We all have learnt in school that any positive number can be written as a product of just prime numbers. Yes. It is called the Fundamental theorem of Arithmetic. Take out a paper and work it out. For example `20=2`

, ^{2}*5`53=53`

(it is a prime number), `45=3`

.
^{3}*5

Here are rules for the first 15 prime numbers, which we will be referencing shortly. Just these 15 prime numbers can be used to represent any integer from 1 to 50.

Prime Numbers | Rule (`r` is the rate of interest) |
---|---|

2 | 72/r |

3 | 110/r |

5 | 161/r |

7 | 195/r |

11 | 240/r |

13 | 257/r |

17 | 284/r |

19 | 295/r |

23 | 314/r |

29 | 337/r |

31 | 344/r |

37 | 362/r |

41 | 372/r |

43 | 377/r |

47 | 386/r |

We use the above knowledge to solve our problem as below:

- Represent the multiplier
`X`

(`20`

in our problem) as a product of its primes.`20=2`

.^{2}*5=2^{2}*5^{1} - The prime factors of
`X`

will be of the form`prime`

. Using the table above apply the corresponding rule and find the number of years,^{n}`y`

. Multiply`y`

with`n`

. - Repeat Step 2. for all the prime factors.
- Sum up all the years from above. This is the result we need.

Now, lets apply the steps to our problem.

- The desired/final amount (
`1,000,000`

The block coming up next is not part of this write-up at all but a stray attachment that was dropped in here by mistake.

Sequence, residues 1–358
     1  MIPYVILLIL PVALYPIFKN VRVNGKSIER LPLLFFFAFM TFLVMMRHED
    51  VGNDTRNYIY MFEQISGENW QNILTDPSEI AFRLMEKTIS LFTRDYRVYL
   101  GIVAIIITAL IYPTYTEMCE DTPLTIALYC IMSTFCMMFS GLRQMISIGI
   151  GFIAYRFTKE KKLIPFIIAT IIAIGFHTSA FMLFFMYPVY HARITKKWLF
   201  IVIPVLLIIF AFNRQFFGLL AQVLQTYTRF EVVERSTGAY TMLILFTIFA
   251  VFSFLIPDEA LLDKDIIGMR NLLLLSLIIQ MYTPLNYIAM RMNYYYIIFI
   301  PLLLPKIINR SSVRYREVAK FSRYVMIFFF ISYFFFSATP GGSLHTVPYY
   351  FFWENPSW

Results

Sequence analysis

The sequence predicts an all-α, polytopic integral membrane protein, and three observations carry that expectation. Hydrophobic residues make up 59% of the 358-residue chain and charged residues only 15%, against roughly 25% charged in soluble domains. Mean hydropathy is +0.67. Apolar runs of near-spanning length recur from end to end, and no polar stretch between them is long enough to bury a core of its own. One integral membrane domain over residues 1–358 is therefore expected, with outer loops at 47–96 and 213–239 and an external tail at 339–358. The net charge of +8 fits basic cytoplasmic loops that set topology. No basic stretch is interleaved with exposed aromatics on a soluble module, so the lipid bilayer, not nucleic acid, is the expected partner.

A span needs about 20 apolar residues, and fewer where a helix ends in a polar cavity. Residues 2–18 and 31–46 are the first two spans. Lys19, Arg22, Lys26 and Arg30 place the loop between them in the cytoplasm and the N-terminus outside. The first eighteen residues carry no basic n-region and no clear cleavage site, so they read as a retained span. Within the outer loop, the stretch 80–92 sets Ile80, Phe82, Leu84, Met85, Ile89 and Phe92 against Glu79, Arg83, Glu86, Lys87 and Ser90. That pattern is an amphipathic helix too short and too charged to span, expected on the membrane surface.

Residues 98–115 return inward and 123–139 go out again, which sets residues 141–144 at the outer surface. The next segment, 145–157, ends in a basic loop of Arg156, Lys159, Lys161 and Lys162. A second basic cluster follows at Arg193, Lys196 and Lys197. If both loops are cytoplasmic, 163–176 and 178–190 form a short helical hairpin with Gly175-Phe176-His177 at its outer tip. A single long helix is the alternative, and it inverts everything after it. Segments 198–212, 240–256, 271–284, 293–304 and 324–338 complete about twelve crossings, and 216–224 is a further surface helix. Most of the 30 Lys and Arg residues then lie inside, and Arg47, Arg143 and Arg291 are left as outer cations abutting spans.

) is`20`

times the initial/principal amount (`50,000`

).`20=2`

.^{2}*5^{1} - For factor
`2`

, we apply^{2}**Rule of 72**, and multiply the result by`2`

.`72/8=9`

and`9*2=18`

years. - We repeat it for
`5`

.For factor^{1}`5`

, we apply^{1}**Rule of 161**, and multiply the result by`1`

.`161/8=20`

(approx) and`20*1=20`

years. - So our answer is
`18+20=38`

years.The accurate answer is a touch below`39`

years.

I prefer to look at the above procedure this way:

`Multiplier, X=(prime1)`

^{a} * (prime2)^{b} * (prime3)^{c} * ...

becomes

`Required years, Y=(`

**Rule for prime1**) * a + (**Rule for prime2**) * b +(**Rule for prime3**) * c + ...

#### 3. The faster solution

The above solution is quite accurate. But then there is the problem of remembering 15 rules for multipliers till 50 (as we need 15 prime numbers to represent any integer from 1 to 50). We can forego a bit of accuracy by using an approximation trick. The trick is to approximate the multiplier (`X`

) using a small set of prime factors, rather than all. We will try to approximate any `X`

as a product of prime factors `2,3,5,`

and `7`

; 53 as approximately 56 (`2`

), 29 as 30 (^{3}_{*}7=56`2`

) and so on.
Now we need to remember only 4 rules (^{1}_{*}3^{1}_{*}5^{1}=30** Rule of 72, Rule of 110, Rule of 161** and **Rule of 195**) to get a good approximation.

Prime Numbers | Rule (`r` is the rate of interest) |
---|---|

2 | 72/r |

3 | 110/r |

5 | 161/r |

7 | 195/r |

Lets quickly work through another problem using this method.

**Problem:** Years to make `2,650,000 $`

from `50,000 $`

at `6 % p.a.`

compounded annually.

**Solution:**
`2,650,000 $`

is `53 (2,650,000/50,000=53)`

times `50,000 $`

.
Taking 56 as an approximation for 53 results in `56=2`

.
Required years, ^{3}_{*}7`Y=(`

.**Rule of 72**) * 3 + (**Rule of 195**) * 1`Y=(72/6) * 3 + (195/6) * 1=12*3 + 32.5*1 = 68.5`

.

At the end of `68.5`

years the actual value is `2,628,868.38 $`

, which is close to our desired value.

With little practise you should be able to work out the answer in your head. You will need just the four rules above.